"I'm Springfield born and raised, and you're right about the baseball thing in this part of the world," Wilkerson said as he prepared for the O'Reilly NHRA Midwest Nationals presented by Castrol, set for May 1-3 just down I-55 at Gateway Int'l Raceway in Madison outside of St. Louis. "When you get into this part of the state, kind of between St. Louis and Chicago, the rivalry gets intense, and whole towns can be 50-50 when it comes to Cardinals or Cubs fans. I'm a big sports fan too, but I guess I was a little different and I got more into cars when I was growing up, and pretty soon my favorite thing to do was make my cars go fast and race them on the track.
"We'd go up the road to Havana, which is only about an hour from home, or maybe over to Charleston or down to the old Gateway before they rebuilt it, and we raced as much as we could. We moved up, and started doing pretty well with my Top Alcohol Funny Car, and then in 1995, we took the big jump, and I got in the nitro car. Right then, I guess I knew that racing was never going to be the same for me. If we were going to go to the big leagues, we wanted to do it right, and over the years, we've been lucky enough for it all to work out pretty nicely. Slowly but surely, more and more people around Springfield started to hear about what we were doing, and the word kind of spread that the local guy was out there on the road battling the big guys on TV. Those people who have been behind us since the start are about the best fans any racer could have, and they did a good job spreading the word."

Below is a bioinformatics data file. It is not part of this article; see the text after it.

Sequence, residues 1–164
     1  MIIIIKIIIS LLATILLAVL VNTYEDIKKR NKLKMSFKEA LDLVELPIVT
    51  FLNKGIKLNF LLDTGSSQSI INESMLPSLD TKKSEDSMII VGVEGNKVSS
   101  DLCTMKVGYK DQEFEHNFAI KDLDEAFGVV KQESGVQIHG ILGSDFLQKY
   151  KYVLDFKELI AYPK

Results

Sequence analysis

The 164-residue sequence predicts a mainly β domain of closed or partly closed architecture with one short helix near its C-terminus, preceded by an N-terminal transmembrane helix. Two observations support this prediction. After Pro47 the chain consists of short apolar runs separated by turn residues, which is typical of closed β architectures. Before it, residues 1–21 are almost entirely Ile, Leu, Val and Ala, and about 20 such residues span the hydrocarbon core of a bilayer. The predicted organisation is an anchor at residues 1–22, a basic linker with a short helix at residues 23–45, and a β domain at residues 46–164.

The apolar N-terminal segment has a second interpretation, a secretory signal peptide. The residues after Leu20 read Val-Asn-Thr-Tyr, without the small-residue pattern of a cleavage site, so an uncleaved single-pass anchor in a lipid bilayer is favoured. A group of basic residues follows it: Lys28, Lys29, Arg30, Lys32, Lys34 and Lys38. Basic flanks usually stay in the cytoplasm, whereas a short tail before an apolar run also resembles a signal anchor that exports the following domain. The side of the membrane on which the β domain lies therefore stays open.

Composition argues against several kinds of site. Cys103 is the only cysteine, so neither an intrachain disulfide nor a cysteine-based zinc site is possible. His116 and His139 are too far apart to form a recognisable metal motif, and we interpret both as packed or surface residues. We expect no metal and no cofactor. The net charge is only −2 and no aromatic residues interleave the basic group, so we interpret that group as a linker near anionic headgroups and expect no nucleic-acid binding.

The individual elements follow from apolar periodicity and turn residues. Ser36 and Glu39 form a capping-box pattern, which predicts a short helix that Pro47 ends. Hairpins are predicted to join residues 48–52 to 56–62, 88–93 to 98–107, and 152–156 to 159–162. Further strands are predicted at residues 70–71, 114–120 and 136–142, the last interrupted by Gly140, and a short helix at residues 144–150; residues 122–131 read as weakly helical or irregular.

One of those longtime backers is Mark Benson, who dates back to Wilkerson's amateur days and has long been one of the self-proclaimed Wilky Warriors in support of their local hero. Benson has watched the interest grow, both in terms of Wilkerson's career and the sport in general, but even he was not prepared for what happened in 2008.
Wilkerson's ever-growing fan base includes the Wilky Warriors, who got a taste of the Gateway winner's circle in 2008.
"It really makes me proud to hear Paul Page and Mike Dunn use Tim's name on ESPN2 in the same sentence with John Force's name when they talk about the most popular drivers in the sport," Benson said. "That really says a lot, and it means a lot to all of us who got behind him so many years ago. Back then, there were just a few of us Wilky Warriors rooting for the underdog, and you never heard anyone on the local radio or TV or in the paper talking much about drag racing. Now, our local stations and newspaper cover Tim like he's our local sports franchise, and I guess that's what he is. From the mayor to the guys on the street here, this is Wilkerson territory now, not just Cardinals and Cubs."
Wilkerson's connection to his hometown extends beyond his own upbringing and career. His longtime primary sponsor, Levi, Ray & Shoup, is a Springfield-based software and consulting company, and the two seem to have found a formula for creating a classic mutually beneficial relationship. LRS provides the resources for Wilkerson to compete at the highest level, and the race team gives the company major-league exposure and a unique ability to entertain clients. And all the while, they share a home base in the middle of Illinois.